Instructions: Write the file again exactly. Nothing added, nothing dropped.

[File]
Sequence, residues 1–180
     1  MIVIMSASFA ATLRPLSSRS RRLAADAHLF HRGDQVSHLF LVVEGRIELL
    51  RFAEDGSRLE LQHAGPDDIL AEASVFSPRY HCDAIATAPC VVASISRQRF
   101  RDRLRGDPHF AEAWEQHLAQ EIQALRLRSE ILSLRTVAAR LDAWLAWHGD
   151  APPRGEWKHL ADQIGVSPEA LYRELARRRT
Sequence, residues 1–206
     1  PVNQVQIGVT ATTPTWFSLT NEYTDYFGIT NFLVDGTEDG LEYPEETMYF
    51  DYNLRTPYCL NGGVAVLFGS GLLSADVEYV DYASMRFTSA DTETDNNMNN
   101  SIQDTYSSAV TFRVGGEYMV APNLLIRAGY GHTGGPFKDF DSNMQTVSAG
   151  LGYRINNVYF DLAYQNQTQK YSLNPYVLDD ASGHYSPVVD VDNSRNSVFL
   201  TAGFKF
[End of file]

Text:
Sequence, residues 1–180
     1  MIVIMSASFA ATLRPLSSRS RRLAADAHLF HRGDQVSHLF LVVEGRIELL
    51  RFAEDGSRLE LQHAGPDDIL AEASVFSPRY HCDAIATAPC VVASISRQRF
   101  RDRLRGDPHF AEAWEQHLAQ EIQALRLRSE ILSLRTVAAR LDAWLAWHGD
   151  APPRGEWKHL ADQIGVSPEA LYRELARRRT
Sequence, residues 1–206
     1  PVNQVQIGVT ATTPTWFSLT NEYTDYFGIT NFLVDGTEDG LEYPEETMYF
    51  DYNLRTPYCL NGGVAVLFGS GLLSADVEYV DYASMRFTSA DTETDNNMNN
   101  SIQDTYSSAV TFRVGGEYMV APNLLIRAGY GHTGGPFKDF DSNMQTVSAG
   151  LGYRINNVYF DLAYQNQTQK YSLNPYVLDD ASGHYSPVVD VDNSRNSVFL
   201  TAGFKF